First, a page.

[9]       The judge allowed the appeal of the worker to the extent of setting aside the magistrate’s order that the payment of $80,000 made under the Deed be set off against the compensation payable to the worker to avoid her receiving double compensation. The effect of so doing was to require the respondent, ABC, to pay to the worker the sum of $13,924.58. The reasons for so ordering were expressed as follows:[5]

The way the case was run below was that (the worker) claimed that her incapacity was due to the 2005 injury, and (ABC) had evidence to the effect that her incapacity after 2008 was due to a natural degeneration of the knee. There was some evidence that the 2008 knee injury was also a contributing factor to her incapacity in 2010 – 2011. Questions of causation are questions of fact, and therefore this is a matter which the employer had to prove. There is no factual presumption that merely because the 2008 knee injury was an aggravation of the 2005 injury, the effects of the 2008 knee injury were also a contributing cause to incapacity in 2010. It is quite possible that the effects of the 2008 injury were spent shortly after the appellant was certified fit for work. The learned Magistrate could have found on this issue in favour of (ABC) but did not. I can only assume that the learned Magistrate was not satisfied that this had been proved. In those circumstances I consider that the (worker) is entitled to the orders of the kind sought. No argument was presented to me by (counsel for ABC) to the contrary.(emphasis added)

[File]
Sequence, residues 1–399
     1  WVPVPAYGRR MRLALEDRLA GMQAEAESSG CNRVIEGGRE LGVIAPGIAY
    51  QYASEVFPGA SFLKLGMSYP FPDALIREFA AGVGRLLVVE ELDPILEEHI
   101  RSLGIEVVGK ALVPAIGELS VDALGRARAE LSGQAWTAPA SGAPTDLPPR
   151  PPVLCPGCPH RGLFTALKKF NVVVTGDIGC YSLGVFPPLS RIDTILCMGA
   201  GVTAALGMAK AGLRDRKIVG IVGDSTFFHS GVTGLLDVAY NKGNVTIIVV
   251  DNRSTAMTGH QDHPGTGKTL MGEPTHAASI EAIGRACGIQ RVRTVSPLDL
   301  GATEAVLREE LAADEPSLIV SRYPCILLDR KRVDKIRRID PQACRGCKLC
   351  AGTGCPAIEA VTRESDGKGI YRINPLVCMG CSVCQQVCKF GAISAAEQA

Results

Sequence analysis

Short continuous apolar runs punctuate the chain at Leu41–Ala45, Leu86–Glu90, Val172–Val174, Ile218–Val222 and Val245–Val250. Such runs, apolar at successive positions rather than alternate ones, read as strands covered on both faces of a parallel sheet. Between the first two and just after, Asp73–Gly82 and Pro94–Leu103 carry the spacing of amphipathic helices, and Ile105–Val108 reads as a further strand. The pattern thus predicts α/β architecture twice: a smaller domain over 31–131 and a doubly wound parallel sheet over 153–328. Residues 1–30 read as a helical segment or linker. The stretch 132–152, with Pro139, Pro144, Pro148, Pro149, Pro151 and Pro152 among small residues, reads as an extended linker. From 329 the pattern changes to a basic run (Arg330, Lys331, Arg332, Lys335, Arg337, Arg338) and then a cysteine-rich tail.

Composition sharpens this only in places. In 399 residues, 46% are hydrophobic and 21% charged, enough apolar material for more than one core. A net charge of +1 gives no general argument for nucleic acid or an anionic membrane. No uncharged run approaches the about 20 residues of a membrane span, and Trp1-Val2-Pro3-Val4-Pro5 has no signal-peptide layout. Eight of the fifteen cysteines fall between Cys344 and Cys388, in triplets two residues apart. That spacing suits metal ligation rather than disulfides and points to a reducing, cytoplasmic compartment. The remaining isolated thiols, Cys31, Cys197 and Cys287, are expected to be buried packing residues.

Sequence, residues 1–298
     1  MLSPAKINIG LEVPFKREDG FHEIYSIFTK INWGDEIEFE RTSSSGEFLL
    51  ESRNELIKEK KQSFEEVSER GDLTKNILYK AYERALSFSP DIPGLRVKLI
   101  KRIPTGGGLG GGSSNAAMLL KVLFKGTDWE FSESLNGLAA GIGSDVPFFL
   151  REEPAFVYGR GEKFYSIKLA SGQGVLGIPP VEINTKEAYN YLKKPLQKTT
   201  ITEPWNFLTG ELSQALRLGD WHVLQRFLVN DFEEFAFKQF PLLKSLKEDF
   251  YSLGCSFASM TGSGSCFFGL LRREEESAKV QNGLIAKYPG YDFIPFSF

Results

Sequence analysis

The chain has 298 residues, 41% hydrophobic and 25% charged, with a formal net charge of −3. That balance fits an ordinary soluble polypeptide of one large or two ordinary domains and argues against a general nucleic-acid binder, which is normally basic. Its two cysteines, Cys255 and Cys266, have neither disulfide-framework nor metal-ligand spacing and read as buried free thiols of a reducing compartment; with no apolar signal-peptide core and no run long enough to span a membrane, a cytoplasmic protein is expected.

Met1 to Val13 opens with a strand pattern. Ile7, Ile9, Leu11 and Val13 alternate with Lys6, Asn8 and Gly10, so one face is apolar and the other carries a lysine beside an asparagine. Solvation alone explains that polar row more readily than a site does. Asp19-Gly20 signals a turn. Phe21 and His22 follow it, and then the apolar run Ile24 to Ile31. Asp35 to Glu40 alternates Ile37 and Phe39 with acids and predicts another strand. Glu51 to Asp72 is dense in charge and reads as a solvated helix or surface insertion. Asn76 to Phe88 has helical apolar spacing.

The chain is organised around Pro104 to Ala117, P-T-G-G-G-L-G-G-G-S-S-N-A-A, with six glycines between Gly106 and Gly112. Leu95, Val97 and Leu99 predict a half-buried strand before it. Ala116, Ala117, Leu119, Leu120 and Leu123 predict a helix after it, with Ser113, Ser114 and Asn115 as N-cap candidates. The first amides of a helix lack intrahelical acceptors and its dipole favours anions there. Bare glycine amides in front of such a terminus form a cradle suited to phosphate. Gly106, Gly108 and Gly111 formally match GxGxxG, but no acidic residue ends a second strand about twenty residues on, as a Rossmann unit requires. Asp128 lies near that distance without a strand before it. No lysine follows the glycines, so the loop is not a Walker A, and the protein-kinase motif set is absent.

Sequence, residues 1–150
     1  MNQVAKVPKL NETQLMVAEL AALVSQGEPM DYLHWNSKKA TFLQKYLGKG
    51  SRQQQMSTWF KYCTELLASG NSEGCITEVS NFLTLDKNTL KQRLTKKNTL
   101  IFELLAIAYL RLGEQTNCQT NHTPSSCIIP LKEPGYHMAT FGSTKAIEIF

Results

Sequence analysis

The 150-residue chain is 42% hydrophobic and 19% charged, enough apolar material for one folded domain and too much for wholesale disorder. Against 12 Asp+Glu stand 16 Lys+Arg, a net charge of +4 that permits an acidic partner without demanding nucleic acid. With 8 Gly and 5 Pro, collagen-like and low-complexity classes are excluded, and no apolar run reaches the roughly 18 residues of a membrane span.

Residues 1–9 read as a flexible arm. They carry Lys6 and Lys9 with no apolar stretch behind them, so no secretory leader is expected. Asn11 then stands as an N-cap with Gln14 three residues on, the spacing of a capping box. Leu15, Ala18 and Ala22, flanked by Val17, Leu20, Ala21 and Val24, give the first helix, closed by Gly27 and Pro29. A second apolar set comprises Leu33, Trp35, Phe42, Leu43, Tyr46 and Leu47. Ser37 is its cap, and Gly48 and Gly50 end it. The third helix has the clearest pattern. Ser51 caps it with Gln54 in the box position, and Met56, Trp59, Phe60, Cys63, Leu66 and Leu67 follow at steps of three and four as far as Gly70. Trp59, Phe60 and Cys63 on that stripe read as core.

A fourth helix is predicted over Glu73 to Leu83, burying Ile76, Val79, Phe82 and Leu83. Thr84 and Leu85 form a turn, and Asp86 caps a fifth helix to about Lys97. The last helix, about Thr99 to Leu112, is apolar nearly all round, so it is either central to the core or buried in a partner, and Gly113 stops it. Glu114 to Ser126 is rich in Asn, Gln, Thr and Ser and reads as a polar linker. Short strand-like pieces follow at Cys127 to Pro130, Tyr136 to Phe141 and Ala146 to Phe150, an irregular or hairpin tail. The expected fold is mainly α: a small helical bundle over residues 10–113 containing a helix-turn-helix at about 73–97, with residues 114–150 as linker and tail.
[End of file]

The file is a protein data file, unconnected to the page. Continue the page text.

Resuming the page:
[10]     Before this Court, ABC took issue with the conclusion of his Honour that the magistrate was not satisfied that ABC had proved that the 2008 injury was still a contributing cause of incapacity in 2010. It was submitted that "by necessary implication the magistrate did make such a finding". Further, it was submitted that, as his Honour found that the magistrate erred in holding that the onus was upon the worker to prove the 2008 injury was no longer causative, his Honour should have reviewed the evidence to determine whether the onus placed on the employer, ABC, was discharged and, had his Honour done so, it would have been clear that it was discharged.